And so, in my regular perimeter check, I happened upon a guy who, out of the kindness of his heart, was doing repaints for the PMDG 737 NG. Not just any repaints, mind you, but paints representing the teams of the National Hockey League. And suddenly, the child within me smiled, knocked over the milk and spilled it all over the table, and I realized I'd found something new which would re-ignite my interest in simulated flight.

    Thanks to the efforts of Andrew Beranek, there are nearly all of the teams of the NHL represented in his paints, with more coming. Do a search of Andrew's name in the FlightSim.Com file library and you'll see what has gotten me all in a dither.

    Now, I find myself the captain of an NHL team Boeing 737-700, shuttling my charges from town to town as they fight for league supremacy. My FsPassengers program has been updated with my new company, NHL Air, and is active behind the scenes as my aircraft fills not only with the players, but their families as well (it is the only way I can justify all the noises made by the kids in the background... otherwise were it only the players and their support staff, there would be nothing but loud music and filthy jokes being hurled around the cabin. A salty bunch, we players). Suddenly, I find myself looking for products that will transform KDTW from the plain vanilla scenery to one of bustling activity, ready to receive my aircraft currently full of the players from the Ottawa Senators who will attempt to pummel the daylights out of the resident Detroit Red Wings. And from there, we're off to CYYZ (anybody have a good piece of scenery for Toronto/Lester Pearson International?) for the next game. All the while, I continue to look at my bird in flight, completely enjoying the work that Andrew did on the paint. As he states, the skins are fictional, but mighty convincing! Just love your work, Andrew!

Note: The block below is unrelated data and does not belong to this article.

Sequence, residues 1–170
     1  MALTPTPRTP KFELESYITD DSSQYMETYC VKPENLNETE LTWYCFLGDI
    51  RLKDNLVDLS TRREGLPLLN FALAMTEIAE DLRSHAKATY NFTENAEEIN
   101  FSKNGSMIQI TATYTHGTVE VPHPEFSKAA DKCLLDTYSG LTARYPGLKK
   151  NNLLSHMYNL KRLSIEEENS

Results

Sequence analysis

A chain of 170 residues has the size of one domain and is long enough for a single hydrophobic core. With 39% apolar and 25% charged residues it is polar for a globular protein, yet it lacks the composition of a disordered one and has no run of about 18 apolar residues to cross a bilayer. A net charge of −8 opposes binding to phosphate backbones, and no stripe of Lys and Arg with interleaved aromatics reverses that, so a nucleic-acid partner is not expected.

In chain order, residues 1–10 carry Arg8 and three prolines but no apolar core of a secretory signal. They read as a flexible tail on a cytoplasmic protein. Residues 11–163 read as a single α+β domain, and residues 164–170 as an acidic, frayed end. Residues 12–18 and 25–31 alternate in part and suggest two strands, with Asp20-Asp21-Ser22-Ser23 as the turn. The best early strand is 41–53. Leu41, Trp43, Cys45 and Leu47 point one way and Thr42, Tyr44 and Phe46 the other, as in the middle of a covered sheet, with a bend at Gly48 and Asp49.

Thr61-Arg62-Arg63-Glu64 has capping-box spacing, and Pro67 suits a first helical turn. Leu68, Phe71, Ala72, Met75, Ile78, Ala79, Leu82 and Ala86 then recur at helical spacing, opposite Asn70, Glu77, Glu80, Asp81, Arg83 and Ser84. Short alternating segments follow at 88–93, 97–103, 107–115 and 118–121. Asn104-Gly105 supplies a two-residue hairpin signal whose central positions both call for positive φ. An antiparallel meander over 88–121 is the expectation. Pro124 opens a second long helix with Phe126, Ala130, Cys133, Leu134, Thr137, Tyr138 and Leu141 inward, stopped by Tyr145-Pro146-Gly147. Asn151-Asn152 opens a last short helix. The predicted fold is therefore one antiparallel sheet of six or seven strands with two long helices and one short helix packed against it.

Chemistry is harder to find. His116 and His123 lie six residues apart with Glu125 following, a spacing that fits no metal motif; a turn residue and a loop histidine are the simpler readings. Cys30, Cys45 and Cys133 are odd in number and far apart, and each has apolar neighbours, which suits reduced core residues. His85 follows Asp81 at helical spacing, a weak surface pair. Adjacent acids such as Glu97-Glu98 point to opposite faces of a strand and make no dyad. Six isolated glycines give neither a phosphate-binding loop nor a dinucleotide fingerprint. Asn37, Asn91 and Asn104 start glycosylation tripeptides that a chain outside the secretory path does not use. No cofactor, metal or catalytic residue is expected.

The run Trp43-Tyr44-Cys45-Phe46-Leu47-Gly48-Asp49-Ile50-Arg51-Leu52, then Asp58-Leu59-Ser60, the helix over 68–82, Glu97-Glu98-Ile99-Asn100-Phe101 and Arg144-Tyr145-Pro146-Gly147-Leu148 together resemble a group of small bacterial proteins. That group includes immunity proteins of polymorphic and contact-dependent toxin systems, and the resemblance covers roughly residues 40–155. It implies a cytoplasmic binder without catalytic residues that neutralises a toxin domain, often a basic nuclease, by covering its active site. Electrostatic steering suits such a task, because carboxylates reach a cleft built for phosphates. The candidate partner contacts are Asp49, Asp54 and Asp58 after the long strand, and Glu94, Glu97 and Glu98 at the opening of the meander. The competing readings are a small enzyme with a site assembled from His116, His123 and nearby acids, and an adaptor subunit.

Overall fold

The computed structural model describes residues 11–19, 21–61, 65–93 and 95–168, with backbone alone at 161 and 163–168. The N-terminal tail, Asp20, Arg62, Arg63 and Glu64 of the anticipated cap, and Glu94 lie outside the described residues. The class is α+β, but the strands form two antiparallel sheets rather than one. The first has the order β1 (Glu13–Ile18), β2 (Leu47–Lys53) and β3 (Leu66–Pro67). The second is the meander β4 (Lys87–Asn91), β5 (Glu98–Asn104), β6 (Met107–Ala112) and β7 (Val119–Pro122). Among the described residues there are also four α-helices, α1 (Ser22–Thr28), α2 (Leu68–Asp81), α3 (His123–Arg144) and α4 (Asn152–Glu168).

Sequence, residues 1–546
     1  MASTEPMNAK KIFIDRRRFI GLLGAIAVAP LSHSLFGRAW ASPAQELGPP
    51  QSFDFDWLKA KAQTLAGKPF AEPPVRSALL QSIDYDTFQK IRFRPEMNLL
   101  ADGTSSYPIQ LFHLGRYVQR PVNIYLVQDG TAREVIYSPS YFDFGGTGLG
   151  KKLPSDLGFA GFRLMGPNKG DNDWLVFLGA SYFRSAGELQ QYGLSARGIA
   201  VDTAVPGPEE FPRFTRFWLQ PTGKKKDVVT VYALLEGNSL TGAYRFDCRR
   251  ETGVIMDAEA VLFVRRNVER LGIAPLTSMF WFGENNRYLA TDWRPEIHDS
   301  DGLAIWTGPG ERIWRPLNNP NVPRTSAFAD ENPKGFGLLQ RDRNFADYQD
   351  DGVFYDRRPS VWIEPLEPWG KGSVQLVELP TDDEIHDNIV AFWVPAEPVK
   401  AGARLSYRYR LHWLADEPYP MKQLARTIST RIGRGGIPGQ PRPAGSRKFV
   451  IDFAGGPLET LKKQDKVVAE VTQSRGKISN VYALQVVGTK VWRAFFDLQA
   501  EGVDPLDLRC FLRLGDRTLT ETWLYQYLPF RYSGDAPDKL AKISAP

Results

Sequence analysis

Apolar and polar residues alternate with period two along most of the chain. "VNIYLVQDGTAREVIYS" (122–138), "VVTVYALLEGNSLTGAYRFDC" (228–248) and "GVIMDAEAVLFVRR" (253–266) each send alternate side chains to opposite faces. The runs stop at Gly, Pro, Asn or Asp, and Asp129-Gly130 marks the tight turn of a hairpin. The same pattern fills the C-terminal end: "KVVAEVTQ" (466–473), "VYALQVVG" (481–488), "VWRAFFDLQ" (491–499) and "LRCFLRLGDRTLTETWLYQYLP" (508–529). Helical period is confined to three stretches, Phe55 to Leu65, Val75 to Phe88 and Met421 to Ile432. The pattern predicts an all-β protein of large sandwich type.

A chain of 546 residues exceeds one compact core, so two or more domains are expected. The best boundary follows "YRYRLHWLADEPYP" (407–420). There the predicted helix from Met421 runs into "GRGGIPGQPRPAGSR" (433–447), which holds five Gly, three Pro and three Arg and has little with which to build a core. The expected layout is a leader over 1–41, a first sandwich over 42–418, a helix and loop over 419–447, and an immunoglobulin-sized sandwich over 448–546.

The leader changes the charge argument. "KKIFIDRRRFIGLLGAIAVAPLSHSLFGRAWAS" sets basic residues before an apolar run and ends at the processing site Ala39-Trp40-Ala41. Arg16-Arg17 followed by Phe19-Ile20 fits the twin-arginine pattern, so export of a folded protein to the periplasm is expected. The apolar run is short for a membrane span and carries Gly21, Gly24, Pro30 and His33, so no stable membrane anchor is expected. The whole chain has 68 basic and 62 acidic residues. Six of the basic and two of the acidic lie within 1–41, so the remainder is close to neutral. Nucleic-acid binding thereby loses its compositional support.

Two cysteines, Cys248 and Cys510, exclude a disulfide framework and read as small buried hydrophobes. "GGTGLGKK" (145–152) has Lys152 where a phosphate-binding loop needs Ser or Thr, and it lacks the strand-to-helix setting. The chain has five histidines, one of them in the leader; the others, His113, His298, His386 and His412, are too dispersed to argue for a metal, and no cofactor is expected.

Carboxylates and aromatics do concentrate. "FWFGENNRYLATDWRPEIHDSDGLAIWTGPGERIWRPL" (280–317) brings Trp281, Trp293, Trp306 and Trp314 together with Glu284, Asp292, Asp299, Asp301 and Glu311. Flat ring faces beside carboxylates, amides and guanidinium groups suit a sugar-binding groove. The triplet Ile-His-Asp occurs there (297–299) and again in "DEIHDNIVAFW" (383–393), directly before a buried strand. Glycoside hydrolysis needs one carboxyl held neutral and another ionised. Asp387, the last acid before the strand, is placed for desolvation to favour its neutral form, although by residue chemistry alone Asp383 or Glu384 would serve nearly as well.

Here we have Andrew's Ottawa Senators repaint of the PMDG 737-700 at Imagine Simulation's KDTW, with Aerosoft's AES in full bloom.

    As an aside, I sent Andrew an email asking for his permission to talk about his repaints. He was kind enough to say "sure", but the really neat part was that his work wasn't originally meant for general consumption, but for him and a couple of his flying buddies. His wife convinced him to do more than just his first repaint, and the rest is history. Kudos to Mrs. Beranek! He also wanted me to add his thanks and gratitude to all who download and enjoy his work. As he has discovered, perhaps the most joyous part of participation in this hobby of ours is the opportunity to give back to the community. Nothing beats the feeling of a simple "Thanks", or "job well done". Andrew is truly a simmer who "gets it", and is in every way the definition of a flight sim hobbyist!